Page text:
A multi-vitamin for those with blood-sugar handling issues (hyper/hypo-glycemia)
Biotics Research – GlucoBalance 180c
- Formulated for Biotics Research by Jonathan V. Wright, M.D. and Alan R. Gaby, M.D., leaders in the field of nutritional science.
- Wide clinical use in the U.S.A. 1000 mcg chromium (as aspartate). Chromium is essential for glucose metabolism.
- Contains both Niacin, a vital component of GTF (Glucose Tolerance Factor) and Niacinamide, necessary for producing NAD (Nicotinamide Adenine Dinucleotide) in insulin secreting pancreatic B cells.
- Formulated with a uniquely high amount of biotin – 3000 mcg. Biotin is essential for glucose phosphorylation by hepatic glucokinase, the first step in glucose utilization
Effective regulation of blood glucose has important implications for health. Even mild disruptions of glucose homeostasis can have adverse consequences. Chronic diabetes may result in cardiovascular disease, neuropathy, blindness, or renal failure. Hypoglycemia (also called reactive hypoglycemia or dysinsulinism), though not general associated with the organ damage seen in diabetes, can be responsible for a number of troublesome physical and psychological symptoms.
- The human body possesses a complex set of checks and balances to maintain blood glucose concentrations within a narrow range. Blood sugar control is influenced by the pituitary, thyroid, and adrenal glands, as well as by the pancreas, liver, kidney, and even skeletal muscle.
- Glucose homeostasis also depends on the presence of a wide range of micronutrients. In the typical American diet, high in refined and processed foods, many of these micronutrients are in short supply. In addition, some individuals with blood sugar disorders may have a special dietary need for higher amounts of one or more micronutrients.
RECOMMENDATION: Two (2) capsules, three (3) times per day.
Warning: If you are taking diabetes medication, do not use GlucoBalance without professional supervision.
Function & Contents
- Vitamin A (as retinyl acetate) 5000 IU 100%
- Vitamin C (as calcium ascorbate and ascorbic acid) 500 mg 833%
- Vitamin D (as cholecalciferol) 100 IU 25%
- Thiamin (B1) (as thiamin mononitrate) 50 mg 3333%
- Vitamin (B2) (as riboflavin) 25 mg 1470%
- Niacin (as niacinamide and niacin) 150 mg 750%
- Vitamin B6 (as pyridoxine hydrochloride) 30 mg 1500%
- Folic Acid 800 mcg 200%
- Vitamin B12 (as cobalamin) 50 mcg 833%
- Biotin 3000 mcg 1000%
- Pantothenic Acid (as calcium pantothenate) 100 mg 1000%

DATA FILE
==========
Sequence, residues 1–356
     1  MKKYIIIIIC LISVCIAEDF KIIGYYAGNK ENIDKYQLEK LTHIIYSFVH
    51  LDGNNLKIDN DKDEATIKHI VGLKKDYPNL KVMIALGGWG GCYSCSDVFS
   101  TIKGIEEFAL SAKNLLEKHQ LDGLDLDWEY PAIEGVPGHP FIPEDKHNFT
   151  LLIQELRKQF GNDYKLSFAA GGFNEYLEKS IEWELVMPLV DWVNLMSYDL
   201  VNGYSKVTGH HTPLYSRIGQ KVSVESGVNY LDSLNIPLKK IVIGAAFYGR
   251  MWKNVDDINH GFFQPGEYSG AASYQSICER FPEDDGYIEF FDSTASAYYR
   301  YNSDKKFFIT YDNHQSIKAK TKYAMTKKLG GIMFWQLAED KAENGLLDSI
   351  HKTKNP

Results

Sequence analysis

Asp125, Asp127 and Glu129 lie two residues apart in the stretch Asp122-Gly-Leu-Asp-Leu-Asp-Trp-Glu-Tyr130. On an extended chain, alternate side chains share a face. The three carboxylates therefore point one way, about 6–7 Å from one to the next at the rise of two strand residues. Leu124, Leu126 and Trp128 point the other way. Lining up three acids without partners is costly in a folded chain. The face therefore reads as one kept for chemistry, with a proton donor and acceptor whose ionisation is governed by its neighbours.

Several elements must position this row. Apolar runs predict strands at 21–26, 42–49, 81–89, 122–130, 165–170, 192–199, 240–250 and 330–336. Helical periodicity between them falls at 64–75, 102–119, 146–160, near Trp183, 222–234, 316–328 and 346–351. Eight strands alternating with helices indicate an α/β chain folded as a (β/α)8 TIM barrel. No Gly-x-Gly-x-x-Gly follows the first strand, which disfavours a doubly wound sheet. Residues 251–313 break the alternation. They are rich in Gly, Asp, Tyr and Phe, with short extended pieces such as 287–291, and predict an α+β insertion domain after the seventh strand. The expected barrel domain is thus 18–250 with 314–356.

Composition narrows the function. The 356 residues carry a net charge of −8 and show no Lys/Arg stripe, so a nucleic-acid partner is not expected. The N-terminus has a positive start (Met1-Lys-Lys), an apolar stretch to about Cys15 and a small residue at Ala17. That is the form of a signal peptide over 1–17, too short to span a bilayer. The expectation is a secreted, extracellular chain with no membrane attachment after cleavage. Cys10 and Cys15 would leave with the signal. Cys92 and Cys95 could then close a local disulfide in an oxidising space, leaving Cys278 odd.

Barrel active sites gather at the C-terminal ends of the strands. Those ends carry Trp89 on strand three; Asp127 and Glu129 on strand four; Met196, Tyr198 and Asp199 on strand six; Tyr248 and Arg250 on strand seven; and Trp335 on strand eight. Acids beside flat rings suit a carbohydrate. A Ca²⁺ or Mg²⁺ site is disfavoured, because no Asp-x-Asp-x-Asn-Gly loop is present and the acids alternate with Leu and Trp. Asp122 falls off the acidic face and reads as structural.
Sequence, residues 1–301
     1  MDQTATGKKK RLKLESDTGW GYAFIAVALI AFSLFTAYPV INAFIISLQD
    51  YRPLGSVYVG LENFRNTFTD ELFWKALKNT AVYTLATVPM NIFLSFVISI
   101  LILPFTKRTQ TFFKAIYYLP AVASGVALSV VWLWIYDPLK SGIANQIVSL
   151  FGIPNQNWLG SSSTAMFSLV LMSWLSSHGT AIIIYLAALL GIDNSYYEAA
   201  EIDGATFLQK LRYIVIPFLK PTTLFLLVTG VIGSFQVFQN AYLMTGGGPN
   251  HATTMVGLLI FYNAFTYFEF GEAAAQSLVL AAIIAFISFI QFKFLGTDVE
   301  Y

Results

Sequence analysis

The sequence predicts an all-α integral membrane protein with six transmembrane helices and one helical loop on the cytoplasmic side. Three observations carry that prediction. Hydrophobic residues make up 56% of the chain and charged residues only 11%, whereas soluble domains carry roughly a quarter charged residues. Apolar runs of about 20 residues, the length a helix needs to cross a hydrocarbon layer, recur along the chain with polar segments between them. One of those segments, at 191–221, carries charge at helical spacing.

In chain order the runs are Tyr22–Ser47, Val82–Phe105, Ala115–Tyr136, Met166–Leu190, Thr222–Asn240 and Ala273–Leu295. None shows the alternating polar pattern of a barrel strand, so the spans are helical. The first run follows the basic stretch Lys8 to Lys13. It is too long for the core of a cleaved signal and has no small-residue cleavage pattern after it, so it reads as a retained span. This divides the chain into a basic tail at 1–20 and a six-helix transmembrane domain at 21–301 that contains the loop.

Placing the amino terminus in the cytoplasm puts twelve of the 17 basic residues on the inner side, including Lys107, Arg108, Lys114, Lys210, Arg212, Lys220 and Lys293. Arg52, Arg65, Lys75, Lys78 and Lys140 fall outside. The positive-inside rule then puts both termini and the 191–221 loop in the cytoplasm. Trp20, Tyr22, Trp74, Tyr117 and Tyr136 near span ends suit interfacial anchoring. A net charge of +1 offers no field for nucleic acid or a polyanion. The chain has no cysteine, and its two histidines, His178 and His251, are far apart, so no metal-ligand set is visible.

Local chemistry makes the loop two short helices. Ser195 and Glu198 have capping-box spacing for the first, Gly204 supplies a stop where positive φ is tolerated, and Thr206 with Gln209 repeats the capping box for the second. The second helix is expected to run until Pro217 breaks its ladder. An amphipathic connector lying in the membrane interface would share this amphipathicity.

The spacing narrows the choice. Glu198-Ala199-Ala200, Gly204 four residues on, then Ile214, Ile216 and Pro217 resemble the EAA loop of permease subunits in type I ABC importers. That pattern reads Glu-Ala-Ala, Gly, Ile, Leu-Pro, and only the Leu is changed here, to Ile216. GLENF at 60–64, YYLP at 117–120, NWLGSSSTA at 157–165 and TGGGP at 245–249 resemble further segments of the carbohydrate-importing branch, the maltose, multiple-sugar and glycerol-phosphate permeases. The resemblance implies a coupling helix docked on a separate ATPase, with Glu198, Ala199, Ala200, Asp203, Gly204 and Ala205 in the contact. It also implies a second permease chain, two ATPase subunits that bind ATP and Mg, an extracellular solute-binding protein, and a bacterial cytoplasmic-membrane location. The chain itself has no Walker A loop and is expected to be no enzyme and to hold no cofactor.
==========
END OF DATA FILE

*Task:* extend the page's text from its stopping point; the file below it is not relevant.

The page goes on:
- Calcium (as ascorbate, citrate and carbonate) 200 mg 20%
- Magnesium (as aspartate, citrate and oxide) 400 mg 100%
- Zinc (as zinc picolinate and zinc citrate) 30 mg 200%
- Selenium (as selenomethionine) 150 mcg 214%
- Copper (as copper gluconate) 2 mg 100%
- Manganese (as manganese aspartate) 20 mg 1000%
- Chromium (as chromium aspartate) 1000 mcg 833%
- Potassium (as potassium aspartate) 99 mg 3%
- Vanadium (as vanadium aspartate) 20 mcg *
These statements have not been evaluated by the US Food and Drug Administration. This product is not claimed to diagnose, treat, cure, or prevent any disease.
Research & Additional Information
The following nutrients are particularly important when considering blood sugar disorders:
The effect of chromium on glucose metabolism apparently requires its conversion to glucose tolerance factor (GTF), a low-molecular-weight compound that contains chromium, niacin (nicotinic acid), glycine, glutamic acid, and cysteine. GTF, has been shown to potentiate the action of insulin at the cellular level. (1,4)
Tissue chromium levels were found to decline with age in Americans. (2) In other studies, including one by the U.S. Department of Agriculture, more than 50% of people consumed less than the lower level of chromium recommended by the National Academy of Sciences, Nutritional Research Council. (3, 37) Chromium aspartate is a well-utilized form of supplemental chromium being solubilized at a wide range of ph. The amounts of chromium used in most clinical trials (*150 to 200 ug/day) are apparently inadequate for some patients, even when more efficient Chromium compounds are used. Larger amounts of chromium, such as 500 to 1,000 ug/day, have often had a greater benefit. (4)
Niacin and Niacinamide
As a component of glucose tolerance factor, niacin plays an important role in carbohydrate metabolism. Many refined foods consumed by Americans are depleted of niacin. Grains and other foods that are “enriched” usually contain added niacinamide, which apparently cannot be converted by the human body into niacin. In addition, many vitamin supplements contain niacinamide, rather than niacin. Although niacinamide is capable of performing most of the functions of vitamin B3, a small amount of niacin seems to be necessary for the synthesis of GTF. (5) Both niacin and niacinamide may also be important for blood sugar control through a mechanism unrelated to GTF. As precursors to NAD, which is an important metabolite concerned with intracellular energy production, niacin and niacinamide may prevent the depletion of NAD in pancreatic B cells.
The initial step in glucose utilization by the cell is its phosphorylation, mediated by the biotin-dependent enzyme hepatic glucokinase. Thus adequate biotin intake is required to initiate intracellular glucose into the cell. (6)
Biotin may also play a role in stabilizing blood sugar levels through biotin-dependent enzymes acetyl Co A carboxylase and pyruvate carboxylase. (37) Thus biotin deficiency should be avoided in those with blood sugar disorders.
Pyridoxine (vitamin B6)
Serum vitamin B6 levels were below normal in 25% of 518 diabetics. (7) Particularly where peripheral neuropathy is present, the inadequate B6 intake should be contemplated.(8)
Because the typical American diet contains only about half of the RDA (2 mg/day) for copper (9,36), deficiency of this mineral may be common. Copper is involved with insulin binding, and copper deficiency in mammals may be reflected in increased glucosylated hemoglobin, indicative of chronically raised blood sugar levels. (10)
The American diet is often low in magnesium. Dietary surveys have
shown that 80-85% of American women consume less than the RDA for the mineral. (11) Daily magnesium intake in two other studies was only about two-thirds of the RDA. (12,13,36) This may be particularly relevant in diabetics, where magnesium deficiency is thought to play a role in the development of insulin resistance. (14) Serum magnesium has been found to be significantly lower in many diabetics (15), therefore, it is reasonable to make sure that diabetics have adequate dietary intake of magnesium. Low magnesium levels may also be associated with hypoglycemia. (16)